I finished it last night. I guess one of the first things we could talk about is what to call it: novel or non-fiction. I was reading an ebook without any introductory material, but from what I can gather, even though these are not Defoe's personal observations, he may have been basing them on the actual writings of the person who signs "H.F." at the end.
Another question is whether the glowing portrait Defoe paints of the civil authorities and their actions during the plague was accurate or was perhaps motivated by patriotic or political feelings. Have you read anything that addresses this?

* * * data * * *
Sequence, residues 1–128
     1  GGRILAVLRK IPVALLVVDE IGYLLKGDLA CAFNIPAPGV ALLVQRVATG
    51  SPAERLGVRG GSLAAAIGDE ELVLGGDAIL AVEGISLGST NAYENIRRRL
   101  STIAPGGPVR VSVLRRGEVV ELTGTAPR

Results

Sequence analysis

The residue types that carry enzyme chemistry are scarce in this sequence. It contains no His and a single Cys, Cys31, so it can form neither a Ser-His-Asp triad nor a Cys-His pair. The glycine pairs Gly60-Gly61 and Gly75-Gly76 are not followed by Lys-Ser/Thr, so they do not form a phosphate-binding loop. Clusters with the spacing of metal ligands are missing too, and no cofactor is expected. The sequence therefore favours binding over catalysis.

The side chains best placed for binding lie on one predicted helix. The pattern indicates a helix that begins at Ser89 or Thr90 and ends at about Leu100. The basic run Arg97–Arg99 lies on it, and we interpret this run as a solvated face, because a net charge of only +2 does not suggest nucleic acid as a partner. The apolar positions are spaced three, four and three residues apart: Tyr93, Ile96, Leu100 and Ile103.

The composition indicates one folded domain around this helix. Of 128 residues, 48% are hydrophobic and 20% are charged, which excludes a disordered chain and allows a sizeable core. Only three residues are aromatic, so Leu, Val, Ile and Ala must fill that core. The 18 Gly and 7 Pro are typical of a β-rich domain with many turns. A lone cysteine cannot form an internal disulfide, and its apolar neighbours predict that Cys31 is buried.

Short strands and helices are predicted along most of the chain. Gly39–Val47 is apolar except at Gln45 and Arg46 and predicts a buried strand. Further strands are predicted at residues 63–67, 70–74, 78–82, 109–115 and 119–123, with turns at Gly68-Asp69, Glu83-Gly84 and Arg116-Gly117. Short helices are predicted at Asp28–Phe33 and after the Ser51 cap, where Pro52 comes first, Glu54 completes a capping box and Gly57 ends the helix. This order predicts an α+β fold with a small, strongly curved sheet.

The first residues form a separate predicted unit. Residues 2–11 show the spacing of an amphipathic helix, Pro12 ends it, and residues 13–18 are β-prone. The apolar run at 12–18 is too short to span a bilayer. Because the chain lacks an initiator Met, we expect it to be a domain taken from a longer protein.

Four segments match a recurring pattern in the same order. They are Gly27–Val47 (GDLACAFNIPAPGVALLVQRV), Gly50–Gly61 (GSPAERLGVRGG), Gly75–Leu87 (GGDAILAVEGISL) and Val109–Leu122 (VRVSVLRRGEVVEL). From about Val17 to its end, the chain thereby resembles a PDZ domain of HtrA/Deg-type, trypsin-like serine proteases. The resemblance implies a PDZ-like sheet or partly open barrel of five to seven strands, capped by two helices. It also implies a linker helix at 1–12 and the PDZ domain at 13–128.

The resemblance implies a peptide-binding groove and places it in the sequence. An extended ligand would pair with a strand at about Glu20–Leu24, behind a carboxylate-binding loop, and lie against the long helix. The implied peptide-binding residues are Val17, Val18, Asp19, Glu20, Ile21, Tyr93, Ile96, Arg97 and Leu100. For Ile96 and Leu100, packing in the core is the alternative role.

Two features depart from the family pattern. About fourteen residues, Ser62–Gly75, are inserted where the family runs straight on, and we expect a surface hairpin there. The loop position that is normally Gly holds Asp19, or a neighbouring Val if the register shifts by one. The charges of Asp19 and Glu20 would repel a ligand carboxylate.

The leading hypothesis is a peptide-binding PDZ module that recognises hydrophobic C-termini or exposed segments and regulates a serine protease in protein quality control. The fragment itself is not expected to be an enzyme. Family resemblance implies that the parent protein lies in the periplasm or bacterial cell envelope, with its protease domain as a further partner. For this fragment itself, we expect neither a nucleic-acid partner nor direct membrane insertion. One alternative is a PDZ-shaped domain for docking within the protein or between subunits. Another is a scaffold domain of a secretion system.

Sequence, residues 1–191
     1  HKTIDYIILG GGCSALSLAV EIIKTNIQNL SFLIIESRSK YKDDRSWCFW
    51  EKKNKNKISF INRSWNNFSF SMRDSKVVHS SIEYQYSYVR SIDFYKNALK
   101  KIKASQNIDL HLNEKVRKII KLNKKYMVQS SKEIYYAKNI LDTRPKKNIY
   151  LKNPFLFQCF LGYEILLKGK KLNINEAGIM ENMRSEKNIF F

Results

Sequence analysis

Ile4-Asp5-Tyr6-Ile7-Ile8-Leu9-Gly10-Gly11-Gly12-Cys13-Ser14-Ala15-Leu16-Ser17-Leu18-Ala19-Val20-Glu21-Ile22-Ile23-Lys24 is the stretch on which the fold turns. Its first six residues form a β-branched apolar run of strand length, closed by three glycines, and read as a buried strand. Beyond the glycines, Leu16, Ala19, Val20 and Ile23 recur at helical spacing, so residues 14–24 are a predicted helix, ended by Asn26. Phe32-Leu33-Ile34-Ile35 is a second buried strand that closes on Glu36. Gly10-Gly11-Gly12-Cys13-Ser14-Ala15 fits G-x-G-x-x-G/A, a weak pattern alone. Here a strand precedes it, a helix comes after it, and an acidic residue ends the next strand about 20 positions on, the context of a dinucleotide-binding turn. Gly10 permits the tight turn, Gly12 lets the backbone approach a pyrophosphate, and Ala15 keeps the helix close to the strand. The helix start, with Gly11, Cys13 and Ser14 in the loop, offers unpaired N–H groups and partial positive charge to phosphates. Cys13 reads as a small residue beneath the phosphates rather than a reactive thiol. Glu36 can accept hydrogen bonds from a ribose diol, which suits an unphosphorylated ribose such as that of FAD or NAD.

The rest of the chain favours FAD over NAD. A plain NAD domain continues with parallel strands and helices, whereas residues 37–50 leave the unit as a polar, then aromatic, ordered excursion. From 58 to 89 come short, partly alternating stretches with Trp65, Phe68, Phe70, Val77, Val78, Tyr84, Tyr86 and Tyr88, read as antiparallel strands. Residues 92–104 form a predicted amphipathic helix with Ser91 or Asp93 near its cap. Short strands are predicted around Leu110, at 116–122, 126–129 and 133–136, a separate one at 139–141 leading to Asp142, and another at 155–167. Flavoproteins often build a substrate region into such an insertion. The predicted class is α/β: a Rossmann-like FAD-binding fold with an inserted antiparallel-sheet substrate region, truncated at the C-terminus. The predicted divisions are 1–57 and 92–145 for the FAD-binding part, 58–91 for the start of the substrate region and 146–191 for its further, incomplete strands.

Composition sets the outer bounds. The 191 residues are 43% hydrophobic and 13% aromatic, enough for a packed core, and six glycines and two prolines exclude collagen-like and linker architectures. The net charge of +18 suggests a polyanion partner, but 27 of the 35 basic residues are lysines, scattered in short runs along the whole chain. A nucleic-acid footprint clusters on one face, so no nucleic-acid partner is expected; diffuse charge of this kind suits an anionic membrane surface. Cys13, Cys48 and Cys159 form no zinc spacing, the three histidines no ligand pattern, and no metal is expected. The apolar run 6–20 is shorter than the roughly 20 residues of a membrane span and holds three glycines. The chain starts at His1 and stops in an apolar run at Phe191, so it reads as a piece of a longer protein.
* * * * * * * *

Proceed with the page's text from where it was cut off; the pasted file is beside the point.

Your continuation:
I've watched the first four lectures from the Yale course I cited earlier, and will be doing #5 this morning. The first two lectures are background material on the state of medical science at the time--they are interesting, but you can skip them. Lectures 3, 4 & 5 are about the bubonic plague itself, and are excellent resources for both the Defoe book and the Manzoni novel we will be reading later.
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